H.R. 5236 Passes House Committee Quickly, Unanimously

by The ESOP Association | Mar 19, 2018
In less than 10 minutes, a new pro-ESOP bill is introduced and then passed in the House Small Business Committee.

On March 14, a new bill aimed at helping ESOP creation by small businesses was considered in the House Small Business Committee. In less than 10 minutes, the bill passed unanimously. It will now move to the full House for consideration. 

The Main Street Employee Ownership Act of 2018, also known as H.R. 5236, was introduced by Rep. Nydia Velazquez (D-NY), a new advocate for ESOPs in Congress. The bill seeks to encourage the Small Business Administration (SBA) to increase lending to ESOPs. 

 “The SBA was authorized to loan to ESOPs in 1979,” Rep. Velazquez said while introducing the bill. “Unfortunately, this tool has been rarely used, due to a lack of understanding of the business structure [of employee owned firms] and cumbersome transition requirements.”

Rep. Steve Chabot (R-OH), the Committee Chair and a veteran advocate for ESOPs, bolstered H.R. 5236 by adding a chair’s amendment and by urging other committee members to support the bill. 

 “H.R. 5236 provides important reforms to how the SBA treats employee owned businesses,” he said during the Committee meeting. “From updating reporting statistics to capturing accurate data, to codifying ownership transition plans, H.R. 5236 will provide clarity to small businesses that truly need it.”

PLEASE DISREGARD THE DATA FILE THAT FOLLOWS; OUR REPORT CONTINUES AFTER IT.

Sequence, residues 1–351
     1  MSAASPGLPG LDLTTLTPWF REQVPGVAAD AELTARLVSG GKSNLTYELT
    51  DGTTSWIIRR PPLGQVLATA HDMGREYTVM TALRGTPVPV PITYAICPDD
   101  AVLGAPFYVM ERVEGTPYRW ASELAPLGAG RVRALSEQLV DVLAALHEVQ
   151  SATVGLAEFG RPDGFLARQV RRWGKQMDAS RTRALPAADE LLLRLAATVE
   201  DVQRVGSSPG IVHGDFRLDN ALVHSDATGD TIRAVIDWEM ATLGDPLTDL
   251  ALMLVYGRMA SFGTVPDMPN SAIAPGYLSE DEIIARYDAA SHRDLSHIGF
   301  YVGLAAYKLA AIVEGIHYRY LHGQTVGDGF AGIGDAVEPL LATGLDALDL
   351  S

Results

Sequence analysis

The bill underscores the strong bipartisan and bicameral support that ESOPs have long enjoyed, and continue to enjoy. Rep. Velazquez (a Democrat), and Chair Chabot (a Republican) worked together to bring the bill to a quick resolution, and Rep. Velazquez thanked Rep. Chabot and his staff for working with her on the amendment and on the underlying bill. 

 In addition, Rep. Velazquez noted that she had worked closely with the office of Sen. Kirsten Gillibrand (D-NY), another ESOP advocate for employee ownership. 

 The bill provides an encouraging sign that ESOPs continue to hold the attention of lawmakers familiar with the benefits of employee ownership, while also attracting new lawmakers. It also serves as a reminder of how quickly the legal landscape for ESOPs can change, either positively or negatively: In this case, the change took about eight minutes.